Creating the Introduction, Step 2: Relate to the Audience

audience picWhat happens once the speaker has primed audience members and prepared them to listen by effectively hooking their collective attention? The speaker must do something to promise that the audience’s investment in time and attention will continue to be worthwhile for the remainder of the speech. Do this by explicitly and carefully relating the topic to the audience, not on a general basis, but in a highly controlled and specific manner. Demonstrate effective presentation skills by carefully tailoring the topic to the audience’s needs. This reinforces how the audience analysis remains absolutely critical for a speaker to achieve success.

Clearly and explicitly answer the question “What’s in it for us?” for the audience. Rather than merely telling the audience why the topic should matter to them, show them how it relates to them. For example, if the speech topic concerns methods to detect breast cancer early, the speaker might state the statistics on how many women will get diagnosed with breast cancer in their lifetimes, but then, he or she might also state the odds of the men in the room receiving the same diagnosis as well, in addition to talking about how spouses and partners play a critical role in early detection. This connects the topic clearly to each and every individual in the room.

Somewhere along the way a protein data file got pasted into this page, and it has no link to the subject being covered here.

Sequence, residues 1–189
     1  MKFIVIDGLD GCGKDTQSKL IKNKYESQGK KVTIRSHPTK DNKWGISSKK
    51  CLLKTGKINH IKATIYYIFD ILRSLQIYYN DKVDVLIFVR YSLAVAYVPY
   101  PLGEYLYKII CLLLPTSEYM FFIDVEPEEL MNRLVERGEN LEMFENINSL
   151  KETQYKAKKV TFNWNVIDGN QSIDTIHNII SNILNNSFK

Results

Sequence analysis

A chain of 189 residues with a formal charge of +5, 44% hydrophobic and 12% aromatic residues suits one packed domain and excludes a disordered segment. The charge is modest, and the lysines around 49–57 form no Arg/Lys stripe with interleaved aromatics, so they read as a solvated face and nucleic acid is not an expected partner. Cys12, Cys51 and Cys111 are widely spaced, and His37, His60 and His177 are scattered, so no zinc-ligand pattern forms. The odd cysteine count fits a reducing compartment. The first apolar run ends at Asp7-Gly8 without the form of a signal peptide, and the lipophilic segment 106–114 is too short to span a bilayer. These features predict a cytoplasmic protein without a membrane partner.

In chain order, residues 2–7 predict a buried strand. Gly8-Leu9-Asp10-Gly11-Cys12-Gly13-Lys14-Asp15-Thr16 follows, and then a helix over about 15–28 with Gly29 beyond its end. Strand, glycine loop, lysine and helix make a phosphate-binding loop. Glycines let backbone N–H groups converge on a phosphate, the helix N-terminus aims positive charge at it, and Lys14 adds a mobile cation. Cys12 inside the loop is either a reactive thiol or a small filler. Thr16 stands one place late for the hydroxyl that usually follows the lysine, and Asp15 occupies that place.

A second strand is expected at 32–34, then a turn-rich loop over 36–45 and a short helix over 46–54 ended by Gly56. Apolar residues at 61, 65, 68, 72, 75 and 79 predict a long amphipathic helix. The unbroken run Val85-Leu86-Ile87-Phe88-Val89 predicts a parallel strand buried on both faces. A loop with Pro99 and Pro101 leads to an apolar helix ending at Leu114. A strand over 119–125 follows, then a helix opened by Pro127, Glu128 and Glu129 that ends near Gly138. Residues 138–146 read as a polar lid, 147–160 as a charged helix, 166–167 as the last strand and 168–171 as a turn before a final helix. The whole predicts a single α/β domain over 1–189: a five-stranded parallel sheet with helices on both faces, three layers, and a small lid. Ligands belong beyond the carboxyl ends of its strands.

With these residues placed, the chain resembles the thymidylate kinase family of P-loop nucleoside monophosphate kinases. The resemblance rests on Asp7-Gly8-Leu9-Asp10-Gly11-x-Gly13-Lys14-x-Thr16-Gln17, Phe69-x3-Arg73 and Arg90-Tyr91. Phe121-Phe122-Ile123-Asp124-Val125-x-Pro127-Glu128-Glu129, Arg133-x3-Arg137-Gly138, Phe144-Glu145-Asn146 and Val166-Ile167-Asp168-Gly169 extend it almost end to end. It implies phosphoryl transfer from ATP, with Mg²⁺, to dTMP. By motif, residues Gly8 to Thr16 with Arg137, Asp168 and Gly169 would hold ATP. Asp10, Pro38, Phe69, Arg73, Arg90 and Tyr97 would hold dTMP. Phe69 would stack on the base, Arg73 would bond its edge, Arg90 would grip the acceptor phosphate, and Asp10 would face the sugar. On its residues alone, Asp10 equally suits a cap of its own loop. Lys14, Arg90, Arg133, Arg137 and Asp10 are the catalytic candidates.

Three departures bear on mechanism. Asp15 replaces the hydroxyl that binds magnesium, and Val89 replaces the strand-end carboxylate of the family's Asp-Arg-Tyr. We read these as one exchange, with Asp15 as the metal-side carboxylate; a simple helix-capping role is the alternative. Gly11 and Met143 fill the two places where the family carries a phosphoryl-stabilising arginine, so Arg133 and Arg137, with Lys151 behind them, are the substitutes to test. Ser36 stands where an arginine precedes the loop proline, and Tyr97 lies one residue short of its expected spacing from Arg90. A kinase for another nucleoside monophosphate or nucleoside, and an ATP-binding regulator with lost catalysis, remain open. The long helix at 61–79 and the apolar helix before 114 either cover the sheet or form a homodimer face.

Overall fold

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Messages that Matter: Public Speaking in the Information Age - Third Edition Copyright © 2023 by North Idaho College is licensed under a Creative Commons Attribution 4.0 International License, except where otherwise noted.

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